He repeats this assurance in His Word in our worship services. It is also present in the water of Baptism that washes our sins away by the power of God’s Word. Likewise, it is in His body and blood given in, with, and under the bread and wine of Holy Communion.


THE PRAYER: Lord Jesus Christ, make us sure and confident that You have completed our salvation, and there is nothing we can do or need to do. Amen. 


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A. F. Branco - Gas Mask:

mardi 8 avril 2014

Gearhead Tuesday

1937 Cadillac V-16 Series 37-90
Hartmann Cabriolet


The last year for Cadillac's 452 cubic inch V-16 engine was 1937 and only 50 were manufactured. Cadillac introduced a re-designed and less expensive V-16 in 1938. By the outbreak of World War II, both Packard and Cadillac had dropped their V-12s and Cadillac's V-16 was relegated to the dust bins of history as well.

The Cadillac V-16 at 452 cubic inches was 21 cubic inches smaller than Packard's V-12. The Cadillac V-16 engine developed 150 horsepower compared to the Packard V-12's 175 horsepower. These factors played an important part of why the public perceived the Packard V-12 to be more prestigious than the Cadillac with 4 more cylinders.

Cadillac released only two V-16 chassis to independent coach builders in 1937. One was sold to Philippe Barraud, a wealthy young playboy living along the fashionable Swiss Riviera which stretched from Laussane and Montreux on the shores of Lake Geneva. Barraud commissioned Willy Hartmann, a body shop owner in Laussane, "to create a look similar to a Figoni et Falaschi-designed car" on this huge chassis.

Basic stock Cadillac components were used on this streamlined hand-formed fantasy, which is one of the largest cabriolets ever built. Initially there was some doubt whether it could be registered in Switzerland as a private car due to its 22-foot overall length. Barraud drove his car to all the fashionable haunts where it caused a sensation as it continues to today.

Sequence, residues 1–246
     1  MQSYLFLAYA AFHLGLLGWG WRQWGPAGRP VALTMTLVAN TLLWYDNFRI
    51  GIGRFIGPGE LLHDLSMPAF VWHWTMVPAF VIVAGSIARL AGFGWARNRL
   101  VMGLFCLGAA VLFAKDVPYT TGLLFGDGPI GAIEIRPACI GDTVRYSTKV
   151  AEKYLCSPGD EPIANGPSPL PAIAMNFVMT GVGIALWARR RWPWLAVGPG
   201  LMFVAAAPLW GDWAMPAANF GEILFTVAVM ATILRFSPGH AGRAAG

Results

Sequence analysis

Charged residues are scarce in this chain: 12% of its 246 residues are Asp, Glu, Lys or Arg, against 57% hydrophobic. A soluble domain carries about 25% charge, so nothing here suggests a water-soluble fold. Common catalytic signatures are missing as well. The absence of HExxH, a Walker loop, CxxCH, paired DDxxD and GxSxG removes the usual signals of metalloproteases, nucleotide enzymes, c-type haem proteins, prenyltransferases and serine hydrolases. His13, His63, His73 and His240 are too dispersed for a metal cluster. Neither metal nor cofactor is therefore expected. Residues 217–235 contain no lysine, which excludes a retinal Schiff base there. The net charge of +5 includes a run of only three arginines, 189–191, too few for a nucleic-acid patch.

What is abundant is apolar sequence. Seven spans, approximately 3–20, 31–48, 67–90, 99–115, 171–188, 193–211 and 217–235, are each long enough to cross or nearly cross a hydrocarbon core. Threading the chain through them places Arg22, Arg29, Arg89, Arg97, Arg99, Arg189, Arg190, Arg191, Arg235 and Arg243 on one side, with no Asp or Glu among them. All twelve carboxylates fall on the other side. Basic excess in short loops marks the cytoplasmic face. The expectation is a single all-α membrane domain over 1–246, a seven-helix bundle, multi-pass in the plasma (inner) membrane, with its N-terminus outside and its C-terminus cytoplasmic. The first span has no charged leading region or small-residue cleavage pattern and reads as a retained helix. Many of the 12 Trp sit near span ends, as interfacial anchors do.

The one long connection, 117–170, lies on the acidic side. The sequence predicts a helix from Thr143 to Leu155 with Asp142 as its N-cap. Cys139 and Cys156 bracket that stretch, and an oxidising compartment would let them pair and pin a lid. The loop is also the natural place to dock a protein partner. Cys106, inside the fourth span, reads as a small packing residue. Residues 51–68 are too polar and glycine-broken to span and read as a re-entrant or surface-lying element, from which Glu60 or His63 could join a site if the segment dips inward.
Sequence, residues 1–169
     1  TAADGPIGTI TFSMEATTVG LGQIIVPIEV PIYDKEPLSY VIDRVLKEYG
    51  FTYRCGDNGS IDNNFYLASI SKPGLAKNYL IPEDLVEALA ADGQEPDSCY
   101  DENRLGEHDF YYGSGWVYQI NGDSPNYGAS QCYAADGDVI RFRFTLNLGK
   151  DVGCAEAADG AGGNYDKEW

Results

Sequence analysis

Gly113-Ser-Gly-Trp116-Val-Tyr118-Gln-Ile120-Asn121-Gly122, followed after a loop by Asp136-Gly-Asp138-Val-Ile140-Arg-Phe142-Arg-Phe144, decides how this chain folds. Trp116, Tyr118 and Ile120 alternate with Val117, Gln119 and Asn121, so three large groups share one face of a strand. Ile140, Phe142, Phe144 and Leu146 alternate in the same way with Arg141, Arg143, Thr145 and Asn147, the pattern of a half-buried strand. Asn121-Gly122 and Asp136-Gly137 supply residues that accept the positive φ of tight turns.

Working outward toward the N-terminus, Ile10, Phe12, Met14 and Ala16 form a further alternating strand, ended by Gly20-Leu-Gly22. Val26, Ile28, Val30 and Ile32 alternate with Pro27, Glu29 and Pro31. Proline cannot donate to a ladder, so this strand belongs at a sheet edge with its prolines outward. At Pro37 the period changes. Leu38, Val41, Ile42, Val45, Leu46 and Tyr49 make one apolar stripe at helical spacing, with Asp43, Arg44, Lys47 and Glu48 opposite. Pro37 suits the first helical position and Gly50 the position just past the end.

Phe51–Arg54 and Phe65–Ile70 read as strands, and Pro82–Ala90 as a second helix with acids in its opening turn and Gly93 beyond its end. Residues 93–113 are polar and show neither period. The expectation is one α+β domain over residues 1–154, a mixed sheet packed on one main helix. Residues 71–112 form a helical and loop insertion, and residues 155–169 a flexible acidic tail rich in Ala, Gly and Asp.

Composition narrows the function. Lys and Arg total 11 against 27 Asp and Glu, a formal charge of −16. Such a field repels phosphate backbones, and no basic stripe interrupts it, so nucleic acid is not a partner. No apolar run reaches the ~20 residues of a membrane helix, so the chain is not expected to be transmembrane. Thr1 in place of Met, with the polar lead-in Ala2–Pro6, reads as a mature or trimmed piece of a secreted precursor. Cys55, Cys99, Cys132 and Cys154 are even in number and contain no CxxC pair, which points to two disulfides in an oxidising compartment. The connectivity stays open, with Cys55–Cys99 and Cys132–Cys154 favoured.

This custom-built Cadillac is at the Blackhawk Museum, Danville, California









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Old Car Trivia
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Lenten Devotion


ALL IS NOW FINISHED

Tuesday, April 8, 2014 Read John 19:28-29.

TEXT: After this, Jesus, knowing that all was now finished, said (to fulfill the Scripture), “I Thirst” (John 19:28).

Yesterday we reached the turning point of Psalm 22 where Jesus says in verse 21, “You have rescued Me.” The rest of the psalm goes on to predict Jesus’ resurrection. Before we return to it, we want to revisit the Gospels to conclude Jesus’ time on the cross, His death and burial.

When last in the Gospels we looked at Jesus’ fourth saying in Matthew 27:46, “My God, My God, why have You forsaken Me?” But we did not point out the time Jesus spoke these opening words of Psalm 22. Matthew writes “About the ninth hour Jesus cried out with a loud voice, “My God, My God, Why have You forsaken Me?” At the ninth hour, shortly after saying this, Jesus died. But in this short span of time Jesus uttered three sayings; the first of these is Jesus’ fifth saying: “I’m thirsty.”

It would be a mistake to overlook the phrase that sets up this saying. “After this, Jesus, , said (to fulfill the Scripture), ‘I thirst.’” What is finished? The answer here is the dire suffering, the spiritual torment, the Father’s wrath unleashed on Jesus for our sins. Jesus knows He has reached the turning point. He has completed the payment for all our sins; His Father is totally satisfied.

With the price of our sins fully paid, Jesus can now ask for a drink. In so doing, He fulfills verse 15 of Psalm 22. But Jesus is not just interested in easing His terrible thirst; He is determined to free His tongue which has been sticking to His jaws. He has an important message to proclaim to those gathered around Him—and to you and me.

THE PRAYER: Lord Jesus Christ, thank You for completing our salvation by Your bitter suffering on the cross. Amen.